A bill introduced Wednesday by Rep. Doris Matsui, D-Sacramento, would require the U.S. Army Corps of Engineers to create regional policies to manage trees on levees.
Dubbed the Levee Vegetation Review Act, the bill is co-sponsored by 26 other members of the California congressional delegation, including John Garamendi and Ami Bera, both Democrats from the Sacramento region.
In 2007, the Corps imposed a uniform rule across the nation requiring trees and shrubs to be removed from levees. This came despite long-standing regional policy in California, which allowed trees to atone for habitat lost when levees were built a century ago. The Corps itself planted many of those trees.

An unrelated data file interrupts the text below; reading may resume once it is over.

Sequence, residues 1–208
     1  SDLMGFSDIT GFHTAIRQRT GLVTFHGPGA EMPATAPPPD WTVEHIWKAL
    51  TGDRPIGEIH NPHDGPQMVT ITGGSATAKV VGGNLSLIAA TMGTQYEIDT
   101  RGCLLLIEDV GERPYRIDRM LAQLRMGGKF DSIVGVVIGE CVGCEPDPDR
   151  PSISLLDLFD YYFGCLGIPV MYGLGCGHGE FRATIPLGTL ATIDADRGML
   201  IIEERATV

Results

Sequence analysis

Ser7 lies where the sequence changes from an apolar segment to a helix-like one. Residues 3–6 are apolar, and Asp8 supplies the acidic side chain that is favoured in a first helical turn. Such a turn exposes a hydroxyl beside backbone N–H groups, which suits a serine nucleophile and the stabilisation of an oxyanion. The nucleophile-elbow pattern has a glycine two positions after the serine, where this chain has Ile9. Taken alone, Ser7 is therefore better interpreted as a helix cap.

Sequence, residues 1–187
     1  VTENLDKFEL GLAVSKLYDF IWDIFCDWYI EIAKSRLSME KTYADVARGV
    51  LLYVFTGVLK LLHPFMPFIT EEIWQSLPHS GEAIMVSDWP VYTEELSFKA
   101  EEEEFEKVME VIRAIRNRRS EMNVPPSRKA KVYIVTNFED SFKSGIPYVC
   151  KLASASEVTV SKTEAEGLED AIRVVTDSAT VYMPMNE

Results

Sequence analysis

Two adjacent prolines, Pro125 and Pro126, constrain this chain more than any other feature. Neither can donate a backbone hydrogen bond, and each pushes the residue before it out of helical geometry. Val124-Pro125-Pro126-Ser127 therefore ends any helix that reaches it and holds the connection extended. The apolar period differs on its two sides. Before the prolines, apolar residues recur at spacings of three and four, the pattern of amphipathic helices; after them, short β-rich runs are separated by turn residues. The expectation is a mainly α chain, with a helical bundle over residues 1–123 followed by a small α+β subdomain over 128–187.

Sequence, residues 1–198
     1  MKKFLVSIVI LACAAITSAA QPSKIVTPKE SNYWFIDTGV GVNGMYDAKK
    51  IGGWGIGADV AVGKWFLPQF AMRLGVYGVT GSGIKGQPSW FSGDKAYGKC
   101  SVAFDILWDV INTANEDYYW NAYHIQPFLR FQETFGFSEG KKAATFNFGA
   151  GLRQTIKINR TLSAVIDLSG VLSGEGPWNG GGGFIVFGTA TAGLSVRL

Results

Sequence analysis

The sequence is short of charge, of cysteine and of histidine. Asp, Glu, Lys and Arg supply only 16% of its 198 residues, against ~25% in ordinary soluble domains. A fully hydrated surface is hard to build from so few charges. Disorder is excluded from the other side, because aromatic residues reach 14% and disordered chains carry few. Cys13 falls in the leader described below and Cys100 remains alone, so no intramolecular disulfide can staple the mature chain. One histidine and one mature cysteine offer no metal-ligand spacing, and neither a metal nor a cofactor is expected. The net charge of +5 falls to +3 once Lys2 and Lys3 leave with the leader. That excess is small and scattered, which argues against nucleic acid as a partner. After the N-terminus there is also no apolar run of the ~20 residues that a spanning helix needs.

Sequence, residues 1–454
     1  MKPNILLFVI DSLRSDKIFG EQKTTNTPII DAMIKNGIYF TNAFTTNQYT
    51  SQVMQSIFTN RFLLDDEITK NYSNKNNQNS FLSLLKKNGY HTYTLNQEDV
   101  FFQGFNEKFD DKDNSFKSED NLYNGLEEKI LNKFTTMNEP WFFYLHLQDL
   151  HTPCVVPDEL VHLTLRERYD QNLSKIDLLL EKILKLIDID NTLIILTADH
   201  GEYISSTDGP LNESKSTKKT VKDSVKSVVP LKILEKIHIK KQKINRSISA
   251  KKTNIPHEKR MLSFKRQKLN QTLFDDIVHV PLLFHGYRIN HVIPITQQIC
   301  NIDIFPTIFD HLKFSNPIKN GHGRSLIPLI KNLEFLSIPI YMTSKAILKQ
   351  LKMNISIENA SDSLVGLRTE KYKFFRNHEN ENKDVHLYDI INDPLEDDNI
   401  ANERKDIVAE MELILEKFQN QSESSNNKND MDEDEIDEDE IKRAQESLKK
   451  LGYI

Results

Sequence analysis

The policy has been hugely controversial across the nation. California is suing the Corps, arguing the policy violates the Endangered Species Act and is a poor use of limited flood-control dollars.
"It is imperative we find the right balance between ensuring we have strong and safe levees, and prudent fiscal and environmental concerns," Matsui said.
The bill requires the Corps to adopt regional rules with input from state and local entities, and provide flexibility to exempt areas. The Corps already has a process for local agencies to seek a project-specific variance, but it may require costly levee redesign.